Bayer tumbles after $2bn Roundup award in US


Shares in Bayer were down 6.8 per cent in early trade on Tuesday after a jury awarded more than $2 billion to a California couple in the largest US jury verdict against the company over allegations its Roundup weed killer causes cancer.

That put the stock at its lowest level in almost seven years, even though the punitive damages award is likely to be reduced due to US Supreme Court rulings that limit the ratio of punitive to compensatory damages to 9:1.

The jury awarded a total of $2 billion in punitive damages and $55 million in compensatory damages, concluding that Roundup – based on herbicide glyphosate – had been defectively designed, and that the company failed to warn of the herbicide’s alleged cancer risk.

The jury in Oakland, California, ordered Monsanto on Monday to pay the couple more than $2 billion in damages after finding that its Roundup weed killer caused their cancer – the third jury to conclude that the company failed to warn consumers of its flagship product’s dangers.

Thousands of additional lawsuits against Monsanto, which Bayer acquired last year, are queued up in state and federal courts.

The couple, Alva and Alberta Pilliod, used Roundup on their northern California property for decades. In 2011, Alva Pilliod, now 76, was given a diagnosis of non-Hodgkin’s lymphoma. In 2015, his wife, who is 74, learned she had the same disease.

The jury, in state court in Alameda County, reached its verdict two months after a federal jury in San Francisco awarded $80 million to a man who claimed that Roundup had caused his non-Hodgkin’s lymphoma. In August, a state court in San Francisco found that Roundup had caused the cancer of a school groundskeeper, awarding him $289 million. A judge reduced that figure to $78 million. That verdict is being appealed.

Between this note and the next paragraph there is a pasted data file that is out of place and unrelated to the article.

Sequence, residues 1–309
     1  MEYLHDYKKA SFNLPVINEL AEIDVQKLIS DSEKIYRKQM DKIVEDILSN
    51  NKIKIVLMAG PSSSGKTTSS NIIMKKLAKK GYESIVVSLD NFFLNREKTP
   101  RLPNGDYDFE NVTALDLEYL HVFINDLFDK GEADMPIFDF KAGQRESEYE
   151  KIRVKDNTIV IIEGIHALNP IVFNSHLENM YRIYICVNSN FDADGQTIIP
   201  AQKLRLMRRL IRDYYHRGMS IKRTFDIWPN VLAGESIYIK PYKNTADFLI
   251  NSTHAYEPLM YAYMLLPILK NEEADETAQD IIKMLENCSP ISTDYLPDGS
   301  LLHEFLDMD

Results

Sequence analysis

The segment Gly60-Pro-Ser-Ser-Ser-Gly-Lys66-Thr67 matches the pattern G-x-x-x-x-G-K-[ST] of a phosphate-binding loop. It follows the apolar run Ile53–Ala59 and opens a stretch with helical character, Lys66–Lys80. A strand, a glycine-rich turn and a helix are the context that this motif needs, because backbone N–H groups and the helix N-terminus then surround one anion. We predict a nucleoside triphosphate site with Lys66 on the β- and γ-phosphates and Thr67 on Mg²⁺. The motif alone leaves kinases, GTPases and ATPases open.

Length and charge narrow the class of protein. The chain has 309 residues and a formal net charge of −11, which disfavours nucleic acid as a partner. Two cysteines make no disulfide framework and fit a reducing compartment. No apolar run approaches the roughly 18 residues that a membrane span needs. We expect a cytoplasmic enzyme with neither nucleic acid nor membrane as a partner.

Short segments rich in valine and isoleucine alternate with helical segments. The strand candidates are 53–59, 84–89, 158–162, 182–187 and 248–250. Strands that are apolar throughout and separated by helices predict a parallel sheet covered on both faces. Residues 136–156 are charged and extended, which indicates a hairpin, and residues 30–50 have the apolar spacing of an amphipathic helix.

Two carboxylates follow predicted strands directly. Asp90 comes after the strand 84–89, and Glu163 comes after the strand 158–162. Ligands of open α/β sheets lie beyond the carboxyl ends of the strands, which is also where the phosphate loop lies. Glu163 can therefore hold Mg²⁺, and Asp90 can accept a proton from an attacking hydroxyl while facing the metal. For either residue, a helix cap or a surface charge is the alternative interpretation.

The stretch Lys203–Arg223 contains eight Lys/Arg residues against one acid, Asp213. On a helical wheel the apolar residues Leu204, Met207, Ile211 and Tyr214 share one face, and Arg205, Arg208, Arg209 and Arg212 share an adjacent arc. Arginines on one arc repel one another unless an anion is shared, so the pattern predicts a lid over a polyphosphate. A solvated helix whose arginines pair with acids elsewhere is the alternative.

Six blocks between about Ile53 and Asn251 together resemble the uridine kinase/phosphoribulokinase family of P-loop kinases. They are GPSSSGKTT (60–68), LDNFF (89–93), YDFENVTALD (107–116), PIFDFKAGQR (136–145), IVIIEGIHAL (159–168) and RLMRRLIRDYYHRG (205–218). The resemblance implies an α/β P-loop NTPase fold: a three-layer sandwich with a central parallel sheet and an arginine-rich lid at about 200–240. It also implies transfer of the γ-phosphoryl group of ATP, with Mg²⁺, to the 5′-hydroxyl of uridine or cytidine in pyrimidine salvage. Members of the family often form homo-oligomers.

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The Pilliods’ lawyer, Brent Wisner, argued in court that a billion-dollar judgment would send a message to the chemical giant. He based the amount of punitive damages, $1 billion for each of the Pilliods, on what he said was Roundup’s annual profit: $892 million in 2017.

After the verdict, Mr Wisner said in a statement, “The jury saw for themselves internal company documents demonstrating that, from Day 1, Monsanto has never had any interest in finding out whether Roundup is safe.”

Another lawyer for the couple, Michael Miller, said homeowners like the Pilliods were more at risk than professional gardeners because they were never told to wear any protective gloves or clothing. He said the jury had “found that Monsanto acted with malice, oppression or fraud and should be punished for its conduct.”

Bayer said in a statement on Monday that it was disappointed with the verdict and would appeal. A Bayer spokesman, Chris Loder, said: “Bayer believes the punitive verdict is excessive and unjustifiable.”

The active ingredient in the herbicide, glyphosate, is the world’s most widely used weed killer. Bayer has repeatedly declared that the chemical is safe, saying health regulators worldwide have come to the same conclusion.

“We have great sympathy for Mr and Mrs Pilliod,” Bayer said in a statement, but “there is not reliable scientific evidence” to conclude the herbicide was the culprit.

Appearing with her husband at a brief news conference after the trial, Alberta Pilliod said, “We can’t do the things we used to be able to do, and we really resent Monsanto for that fact.”

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Last month, the Environmental Protection Agency issued an interim review that said the agency “continues to find that there are no risks to public health when glyphosate is used in accordance with its current label and that glyphosate is not a carcinogen.”

Bayer’s stock has taken a beating since the jury verdicts started coming in last summer, losing billions of dollars in value. Shares have fallen roughly 40 per cent since Bayer completed its purchase of Monsanto in June. – New York Times / Reuters



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